Nature Morte, circa 1929
Signed JMetzinger with conjoined initials (lr); inscribed W. Brewster and numbered 48.556 on pieces of the original stretcher
Oil on canvas
23 3/4 x 32 inches (60.3 x 81.3 cm)
Galerie L'Effort Moderne [Leonce Rosenberg], Paris, inscribed with remnants of a number 9028... on the gallery label
Sale: Sotheby Parke-Bernet, New York, Nineteenth and Twentieth Century Paintings, Drawings and Sculpture, May 31, 1972, lot 114, illus. and illus. on cover of catalogue
A good example of the "mechanical" style of Cubism that flourished during the 1920s is Jean Metzinger's Nature Morte (Still Life), painted around 1929. Here we can see the bright colors and flat planes so characteristic of Synthetic Cubism, but instead of building up a single image from smaller pieces, this work presents a group of discreet objects. Some of these are quintessentially mechanical: a wrench, a pair of pliers, a freestanding dial. Others are indirectly so: solid geometrical forms that appear to have been cut from sheet metal. These mechanistic pieces are shown with flowers, which at first seem to be an organic counterpoint to the tools and metallic shapes. Upon closer examination, however, they too have a mechanical appearance, as if bolted together from machined parts and coated with industrial paint. At the right, the bust of a woman, tinted in the same dark blue as the background, appears to be gazing impassively past this array. Like the flowers, the bust seems die-cut and spray painted, another product of 20th-century industry. The viewer of this beautiful but enigmatic work is led to contemplate whether we are all, like this metallic woman, parts of the great machine of modern society, stamped out and colored by the hidden processes of contemporary life.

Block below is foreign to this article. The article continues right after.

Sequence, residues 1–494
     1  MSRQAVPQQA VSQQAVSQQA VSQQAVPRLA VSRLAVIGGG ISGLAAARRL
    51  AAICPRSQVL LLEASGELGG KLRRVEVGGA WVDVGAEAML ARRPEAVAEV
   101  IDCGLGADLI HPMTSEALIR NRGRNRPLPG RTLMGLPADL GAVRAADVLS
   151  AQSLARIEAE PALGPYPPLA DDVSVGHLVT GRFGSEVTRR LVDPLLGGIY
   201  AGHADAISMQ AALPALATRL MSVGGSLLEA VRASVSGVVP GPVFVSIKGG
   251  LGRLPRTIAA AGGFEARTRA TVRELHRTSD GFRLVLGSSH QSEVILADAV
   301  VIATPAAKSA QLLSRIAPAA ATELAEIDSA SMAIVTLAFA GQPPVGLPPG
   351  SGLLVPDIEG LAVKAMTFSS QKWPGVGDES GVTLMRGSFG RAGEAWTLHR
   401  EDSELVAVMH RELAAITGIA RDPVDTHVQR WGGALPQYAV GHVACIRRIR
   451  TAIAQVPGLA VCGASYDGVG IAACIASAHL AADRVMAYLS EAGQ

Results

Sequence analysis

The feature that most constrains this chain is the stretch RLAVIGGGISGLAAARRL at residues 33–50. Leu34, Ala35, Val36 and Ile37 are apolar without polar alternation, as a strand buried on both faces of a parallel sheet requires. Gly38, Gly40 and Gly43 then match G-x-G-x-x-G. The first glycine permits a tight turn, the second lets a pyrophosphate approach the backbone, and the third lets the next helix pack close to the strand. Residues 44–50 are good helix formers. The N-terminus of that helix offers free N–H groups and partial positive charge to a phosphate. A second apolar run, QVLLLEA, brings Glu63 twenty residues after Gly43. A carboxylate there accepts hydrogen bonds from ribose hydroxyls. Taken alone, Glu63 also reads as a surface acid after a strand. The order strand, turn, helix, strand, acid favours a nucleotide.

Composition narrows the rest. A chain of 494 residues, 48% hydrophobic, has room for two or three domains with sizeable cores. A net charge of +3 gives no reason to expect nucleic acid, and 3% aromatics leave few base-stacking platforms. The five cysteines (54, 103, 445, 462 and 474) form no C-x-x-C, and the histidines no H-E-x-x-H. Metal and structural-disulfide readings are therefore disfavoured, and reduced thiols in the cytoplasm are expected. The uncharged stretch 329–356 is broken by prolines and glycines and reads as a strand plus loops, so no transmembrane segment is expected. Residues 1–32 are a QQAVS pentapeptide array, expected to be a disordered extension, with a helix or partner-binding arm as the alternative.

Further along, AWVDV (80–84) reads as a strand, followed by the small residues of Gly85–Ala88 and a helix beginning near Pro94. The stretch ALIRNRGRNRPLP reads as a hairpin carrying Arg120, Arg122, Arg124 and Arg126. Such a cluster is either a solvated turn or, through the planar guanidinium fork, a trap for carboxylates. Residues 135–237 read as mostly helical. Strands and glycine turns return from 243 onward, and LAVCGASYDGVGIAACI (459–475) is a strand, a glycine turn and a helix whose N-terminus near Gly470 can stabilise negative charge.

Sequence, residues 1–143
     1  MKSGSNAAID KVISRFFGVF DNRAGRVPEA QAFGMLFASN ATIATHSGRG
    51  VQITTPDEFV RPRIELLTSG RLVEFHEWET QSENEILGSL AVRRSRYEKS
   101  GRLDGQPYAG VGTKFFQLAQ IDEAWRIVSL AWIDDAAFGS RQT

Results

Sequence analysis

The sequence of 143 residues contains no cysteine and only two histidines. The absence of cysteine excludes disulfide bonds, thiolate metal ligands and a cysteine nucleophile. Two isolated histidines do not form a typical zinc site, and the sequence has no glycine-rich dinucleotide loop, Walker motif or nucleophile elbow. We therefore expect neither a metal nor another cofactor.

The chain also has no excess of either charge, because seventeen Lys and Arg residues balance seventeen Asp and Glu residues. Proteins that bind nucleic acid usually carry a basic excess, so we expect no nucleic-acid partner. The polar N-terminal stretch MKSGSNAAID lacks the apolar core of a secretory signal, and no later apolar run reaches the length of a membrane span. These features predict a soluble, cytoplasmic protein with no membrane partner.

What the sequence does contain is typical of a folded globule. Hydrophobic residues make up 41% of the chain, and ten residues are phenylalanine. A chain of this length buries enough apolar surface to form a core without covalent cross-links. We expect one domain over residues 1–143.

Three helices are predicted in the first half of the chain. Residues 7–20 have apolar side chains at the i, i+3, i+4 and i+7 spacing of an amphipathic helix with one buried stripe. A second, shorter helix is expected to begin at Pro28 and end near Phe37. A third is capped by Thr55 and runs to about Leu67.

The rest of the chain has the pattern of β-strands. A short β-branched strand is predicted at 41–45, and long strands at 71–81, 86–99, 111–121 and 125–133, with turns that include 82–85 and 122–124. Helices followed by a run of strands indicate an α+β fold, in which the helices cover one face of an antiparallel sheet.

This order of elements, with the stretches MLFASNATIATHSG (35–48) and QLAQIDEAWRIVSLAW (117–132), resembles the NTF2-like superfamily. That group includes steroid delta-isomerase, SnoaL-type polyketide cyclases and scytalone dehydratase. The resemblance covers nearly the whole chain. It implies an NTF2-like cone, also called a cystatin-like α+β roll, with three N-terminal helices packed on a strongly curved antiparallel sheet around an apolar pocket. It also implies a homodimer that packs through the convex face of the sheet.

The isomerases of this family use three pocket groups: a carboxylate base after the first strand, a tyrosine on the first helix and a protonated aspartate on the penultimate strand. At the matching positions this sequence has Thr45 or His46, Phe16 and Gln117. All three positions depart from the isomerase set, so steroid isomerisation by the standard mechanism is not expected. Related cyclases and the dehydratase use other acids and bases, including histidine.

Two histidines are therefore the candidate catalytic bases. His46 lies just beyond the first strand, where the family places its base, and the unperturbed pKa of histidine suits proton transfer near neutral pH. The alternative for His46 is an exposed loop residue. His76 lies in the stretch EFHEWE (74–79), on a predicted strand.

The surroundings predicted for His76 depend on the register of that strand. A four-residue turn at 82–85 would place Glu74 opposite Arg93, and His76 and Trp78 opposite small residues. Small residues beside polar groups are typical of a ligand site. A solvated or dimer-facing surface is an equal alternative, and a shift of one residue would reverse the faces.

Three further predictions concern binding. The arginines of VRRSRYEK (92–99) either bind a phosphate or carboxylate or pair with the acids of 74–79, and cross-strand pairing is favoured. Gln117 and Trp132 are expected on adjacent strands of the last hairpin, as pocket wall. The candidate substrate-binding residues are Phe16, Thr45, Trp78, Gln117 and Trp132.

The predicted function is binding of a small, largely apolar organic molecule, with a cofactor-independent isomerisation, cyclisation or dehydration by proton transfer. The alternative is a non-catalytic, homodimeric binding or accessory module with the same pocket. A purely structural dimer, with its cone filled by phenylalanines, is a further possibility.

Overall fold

C Estate of Elsie Adler
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